“I’m really passionate about making sure that what I do is something that someone off the street could understand and get excited about,” she said.
Filling in the blanks
The RTI and color processing techniques, it turns out, were enough to uncover an ancient mystery or two.
One came about unexpectedly when Fioccoprile did RTI on the preserve’s most famous boulder, which depicts two four-legged, deer-like animals touching noses, known as the “kissing deer” petroglyph.
“Sometimes, when I’m doing RTI on one of these animals, I do feel like I’m taking its portrait,” she said.
Though the petroglyphs on this panel are highly contrasted against the rock, their creator carved them very shallowly onto the surface. In fact, high-resolution photos reveal that the lines are so shallow they have little gaps in them — perhaps giving a clue about the maker’s priorities.
“It doesn’t seem to have been important to get a perfect line,” Fioccoprile said. “It was about the visual impact, rather than creating a continuous mark.”
She believes this rock panel is popular partly because visitors can easily recognize the animals it depicts, and in doing so, share an experience with people of the past. The deer, in a way, are celebrities and will be for generations to come.
Other petroglyphs, however, may have been completely forgotten by time were it not for Fioccoprile’s methods and the incredible knowledge of the preserve’s volunteers. One rock panel had a petroglyph of a one-pole ladder — a long vertical line with short horizontal lines crossing it — and another petroglyph of a footprint. But volunteer Peter Huegel advised using RTI to find a third petroglyph that he insisted was there.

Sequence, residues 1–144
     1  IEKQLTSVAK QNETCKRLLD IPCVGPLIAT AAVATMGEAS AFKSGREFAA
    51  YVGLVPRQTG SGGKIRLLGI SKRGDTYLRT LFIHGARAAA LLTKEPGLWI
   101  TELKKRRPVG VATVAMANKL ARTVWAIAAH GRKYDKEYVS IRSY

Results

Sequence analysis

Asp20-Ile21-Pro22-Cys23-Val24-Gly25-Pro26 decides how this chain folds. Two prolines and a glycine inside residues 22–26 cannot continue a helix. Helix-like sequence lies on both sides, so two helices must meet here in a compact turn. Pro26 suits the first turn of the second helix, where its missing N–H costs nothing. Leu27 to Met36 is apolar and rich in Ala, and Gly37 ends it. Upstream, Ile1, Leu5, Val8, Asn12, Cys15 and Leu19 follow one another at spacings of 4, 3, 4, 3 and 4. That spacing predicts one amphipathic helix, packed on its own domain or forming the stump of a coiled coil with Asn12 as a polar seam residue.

Sure enough, as Fioccoprile later looked at a model of the panel on her computer, a second footprint slowly emerged from the rock. It was so faded, the site’s original surveyors of the ’70s and ’80s missed it entirely.
“There was a blank space on this panel which we now know is actually pretty full. And if you think about all the other blank spaces across the preserve, I wonder how many of them have petroglyphs which we don’t realize are there,” she said.
“It’s thrilling that we can still make discoveries almost 40 years after people first studied the site in depth,” she added. “We don’t know everything. I think that’s really exciting.”
Top photo: (From left) Deer Valley Petroglyph Preserve volunteers Joseph Sallak and Peter Huegel, School of Human Evolution and Social Change Postdoctoral Research Associate Emily Fioccoprile and Kendall Baller, doctoral student, do reflectance transformation imaging on a boulder at the preserve. Photo courtesy of Chris Reed